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An Entry That Sparkles

By on Wednesday, Mar 28, 2012 in Craft, Preparing Your Contest Entry | 0 comments

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Recently, I’ve judged a few contests and I’ve finaled in a few.  And I have until Sunday to revise an entry any way I want before I turn it in again for the final judging.

All this leads me to think and think hard–what exactly makes a great entry?


As I ran down the list of this week’s talented Golden Heart winners, I saw some finalists who had finaled previously.  What precisely do these talented folks know??? Is there an elusive secret that makes a person final again and again?  If anyone knows what it is, please don’t hesitate to come forth and tell me!!!  Bottle it and I’ll pay!!!

So anyway, all bitterness aside (I’m over it, I really am :), I decided to compile a list to help me revise my entry and focus on making it the best I can.

MIRANDA’S LIST:  ****WHAT MAKES A CONTEST ENTRY SPARKLE****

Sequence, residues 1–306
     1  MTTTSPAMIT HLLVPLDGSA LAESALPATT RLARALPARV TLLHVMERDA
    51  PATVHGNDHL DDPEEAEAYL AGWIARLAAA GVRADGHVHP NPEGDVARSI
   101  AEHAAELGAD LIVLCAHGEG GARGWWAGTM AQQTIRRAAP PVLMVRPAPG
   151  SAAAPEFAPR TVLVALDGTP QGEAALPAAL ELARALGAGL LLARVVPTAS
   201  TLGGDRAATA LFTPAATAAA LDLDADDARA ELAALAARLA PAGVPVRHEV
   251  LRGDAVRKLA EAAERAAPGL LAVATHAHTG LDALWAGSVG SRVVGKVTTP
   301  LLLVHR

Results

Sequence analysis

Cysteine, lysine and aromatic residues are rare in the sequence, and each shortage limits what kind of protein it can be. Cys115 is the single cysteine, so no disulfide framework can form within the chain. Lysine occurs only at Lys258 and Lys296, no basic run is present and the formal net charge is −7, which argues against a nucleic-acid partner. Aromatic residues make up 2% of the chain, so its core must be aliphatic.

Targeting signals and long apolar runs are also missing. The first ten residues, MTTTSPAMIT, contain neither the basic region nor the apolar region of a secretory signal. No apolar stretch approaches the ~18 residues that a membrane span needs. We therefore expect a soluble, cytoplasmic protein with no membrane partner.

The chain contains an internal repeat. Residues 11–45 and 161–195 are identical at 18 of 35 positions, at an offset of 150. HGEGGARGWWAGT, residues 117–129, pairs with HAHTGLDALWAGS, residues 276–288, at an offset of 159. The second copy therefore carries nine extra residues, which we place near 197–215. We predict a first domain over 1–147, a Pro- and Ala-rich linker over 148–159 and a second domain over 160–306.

Here she is describing a little girl:
         “She weighed no more than a dandelion fluff, her small arms loosely wrapped around his           
         forehead.”  (p. 96)

         The idea of relating the weight of a dandelion fluff to a little girl is so brilliant, and the small arms  
         wrapped around this big man’s head–for anyone who has ever seen a little girl riding high on
          someone’s shoulders, it’s just perfect. 

          More unexpected metaphors:

          “The scene scattered like an overturned display of greeting cards.”  (page 141)

         “Lucy had not been able to identify the nagging feeling that had drawn her insdes as tight as
          violin strings.”  (page 5)

          And here is a description of an inanimate object, a house:  “Even in its ruined condition, the house 
          possessed winsome charm.  Unknown stories lingered in abandoned corners and rickety
          staircases.  Memories had seeped into its walls.”  (page 35)

          Memories don’t usually seep, but in this case it is just the perfect unusual metaphor. 

          Good authors know how to mold language in unique ways that surprise the reader. 

           Okay, I’m goin’ back to the drawing board!  Wish me luck.

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